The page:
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A Letter from the Pastor to Presbytery

General Assembly
Friday, July 6, 2012

Yesterday at General Assembly a pattern again surfaced that I reported earlier this week – some critical votes at this assembly are passing by razor-thin margins. Even after lengthy, respectful debate and heartfelt prayer, commissioners sometimes remain very evenly divided over significant issues.

Case in point: Last night the assembly voted by a margin of 333-331 in favor of investing in Palestinian business rather than divesting from companies that provide assistance to Israel’s military initiatives vis-à-vis Palestine. This vote rejected the recommendation that had been made by the committee on Middle East Peacemaking.

Such close votes reveal what we already knew, that Presbyterians are independent thinkers. These votes follow no ordinary party lines – our variances are much more complicated than simple “liberal/conservative” or “progressive/reactionary” divides. The Presbyterian house isn’t composed simply of “red” and “blue” rooms. Chances are good that those who vote with me on one issue could well vote differently from me on another.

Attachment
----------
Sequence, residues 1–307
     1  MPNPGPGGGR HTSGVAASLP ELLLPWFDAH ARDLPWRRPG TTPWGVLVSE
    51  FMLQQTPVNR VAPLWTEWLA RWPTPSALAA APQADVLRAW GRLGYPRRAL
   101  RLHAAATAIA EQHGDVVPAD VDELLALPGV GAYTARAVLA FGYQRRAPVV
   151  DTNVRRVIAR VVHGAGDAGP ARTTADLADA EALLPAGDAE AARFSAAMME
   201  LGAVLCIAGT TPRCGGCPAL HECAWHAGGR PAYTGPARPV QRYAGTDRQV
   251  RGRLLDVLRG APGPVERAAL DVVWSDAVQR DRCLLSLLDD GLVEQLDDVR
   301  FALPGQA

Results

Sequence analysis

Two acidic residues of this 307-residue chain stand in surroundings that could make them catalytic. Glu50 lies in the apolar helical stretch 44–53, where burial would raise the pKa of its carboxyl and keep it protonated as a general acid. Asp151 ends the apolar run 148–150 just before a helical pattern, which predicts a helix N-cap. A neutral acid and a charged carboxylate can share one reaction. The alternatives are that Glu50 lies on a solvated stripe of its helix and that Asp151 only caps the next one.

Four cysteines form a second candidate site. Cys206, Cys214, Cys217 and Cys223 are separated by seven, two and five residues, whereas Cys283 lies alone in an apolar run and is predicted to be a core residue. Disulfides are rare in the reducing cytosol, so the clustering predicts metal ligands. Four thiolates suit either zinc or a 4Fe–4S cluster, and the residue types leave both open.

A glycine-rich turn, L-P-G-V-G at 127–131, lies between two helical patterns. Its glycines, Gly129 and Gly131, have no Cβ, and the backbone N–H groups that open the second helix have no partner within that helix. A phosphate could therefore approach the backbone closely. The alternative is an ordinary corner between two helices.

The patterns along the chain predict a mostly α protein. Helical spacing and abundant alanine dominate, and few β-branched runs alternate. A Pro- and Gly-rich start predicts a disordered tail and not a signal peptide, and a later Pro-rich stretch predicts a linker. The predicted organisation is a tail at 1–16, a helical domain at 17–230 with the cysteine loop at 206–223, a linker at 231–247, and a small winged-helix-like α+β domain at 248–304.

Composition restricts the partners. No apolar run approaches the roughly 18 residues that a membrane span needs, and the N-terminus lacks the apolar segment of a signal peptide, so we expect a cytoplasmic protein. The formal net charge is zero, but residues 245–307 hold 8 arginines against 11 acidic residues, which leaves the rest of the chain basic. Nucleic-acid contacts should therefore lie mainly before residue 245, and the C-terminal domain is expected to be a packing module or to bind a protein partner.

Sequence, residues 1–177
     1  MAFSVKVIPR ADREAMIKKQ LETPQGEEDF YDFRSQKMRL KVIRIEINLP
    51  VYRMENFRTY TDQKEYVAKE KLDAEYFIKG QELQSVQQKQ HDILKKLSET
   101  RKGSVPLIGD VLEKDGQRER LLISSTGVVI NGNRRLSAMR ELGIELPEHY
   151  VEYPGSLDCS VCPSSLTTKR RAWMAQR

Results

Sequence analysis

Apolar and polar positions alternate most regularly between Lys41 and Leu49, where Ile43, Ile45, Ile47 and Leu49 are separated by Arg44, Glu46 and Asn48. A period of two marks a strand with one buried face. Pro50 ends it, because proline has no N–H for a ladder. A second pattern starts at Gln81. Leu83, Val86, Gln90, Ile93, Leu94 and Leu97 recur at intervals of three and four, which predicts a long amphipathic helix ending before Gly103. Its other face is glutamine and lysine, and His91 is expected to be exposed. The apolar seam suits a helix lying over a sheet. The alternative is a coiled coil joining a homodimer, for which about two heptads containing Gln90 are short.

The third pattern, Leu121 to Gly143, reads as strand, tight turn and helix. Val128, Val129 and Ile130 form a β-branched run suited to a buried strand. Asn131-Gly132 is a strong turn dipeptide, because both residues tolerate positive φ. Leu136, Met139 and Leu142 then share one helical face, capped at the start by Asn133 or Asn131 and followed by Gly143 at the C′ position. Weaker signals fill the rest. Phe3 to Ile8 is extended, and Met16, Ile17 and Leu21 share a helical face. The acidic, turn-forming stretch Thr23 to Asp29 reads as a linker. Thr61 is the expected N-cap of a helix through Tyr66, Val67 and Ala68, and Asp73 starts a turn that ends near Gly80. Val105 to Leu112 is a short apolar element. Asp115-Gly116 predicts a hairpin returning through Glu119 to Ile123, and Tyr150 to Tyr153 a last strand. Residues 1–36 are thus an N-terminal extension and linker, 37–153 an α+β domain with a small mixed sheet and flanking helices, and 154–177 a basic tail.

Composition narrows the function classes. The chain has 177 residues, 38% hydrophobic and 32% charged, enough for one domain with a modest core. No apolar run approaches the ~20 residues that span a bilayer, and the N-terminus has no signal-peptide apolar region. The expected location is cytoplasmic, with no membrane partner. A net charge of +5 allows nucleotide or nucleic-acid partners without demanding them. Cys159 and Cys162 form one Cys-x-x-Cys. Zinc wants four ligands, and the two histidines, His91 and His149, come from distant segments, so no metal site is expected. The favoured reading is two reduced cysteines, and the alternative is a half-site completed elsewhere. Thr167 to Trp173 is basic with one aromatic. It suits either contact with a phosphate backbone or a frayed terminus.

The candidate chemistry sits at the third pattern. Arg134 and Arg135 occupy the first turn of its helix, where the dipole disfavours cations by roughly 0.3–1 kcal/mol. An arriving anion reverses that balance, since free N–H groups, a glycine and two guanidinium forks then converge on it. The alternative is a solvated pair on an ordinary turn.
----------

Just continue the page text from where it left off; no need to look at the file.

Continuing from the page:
One might argue that a house so evenly divided cannot possibly stand. But one might also see it as a demonstration of genuine vitality. What does it say about the fiber of our fellowship that we have been able to stick together amid such differences? Even though the particular issues we face and vote upon may be different from those confronting earlier generations, having a broad spread of opinions within our fellowship has been a hallmark of Presbyterianism for generations. Perhaps what is more remarkable than our history of splitting is that we stick together at all!

Paul’s exhortation to keep “the unity of the Spirit in the bond of peace” (Ephesians 4:3) affords no expectation that we will always achieve consensus on the voting floor. Indeed, it presupposes that we have abiding differences in conviction and function, otherwise why would we need the exhortation? Our being one body is predicated not on our uniformity, but on the fact that by one Spirit we are joined to one Lord and proclaim one faith that we inherited in one baptism (Ephesians 4:4-5). We long for the day when our God-given unity will be transparent, when Jesus’ prayer that we be one as he and the Father are one will be fully answered – and we know that only the Spirit can make that happen. Our struggle over split votes is part of a deep and abiding yearning to be true to what God has called and created us to be as a holy people.

As you pray for GA today, I invite you to pray for the Lord’s help to commissioners as they grapple further with issues over which there remains a wide span of conviction in the church. May the commissioners and delegates be led “not by might (of reasoning) nor by power (of persuasion) but by the Spirit.” (Zechariah 4:6)

Yours in the unity of the Spirit,

The Rev. Dr. Sheldon W. Sorge, Pastor to Pittsburgh Presbytery

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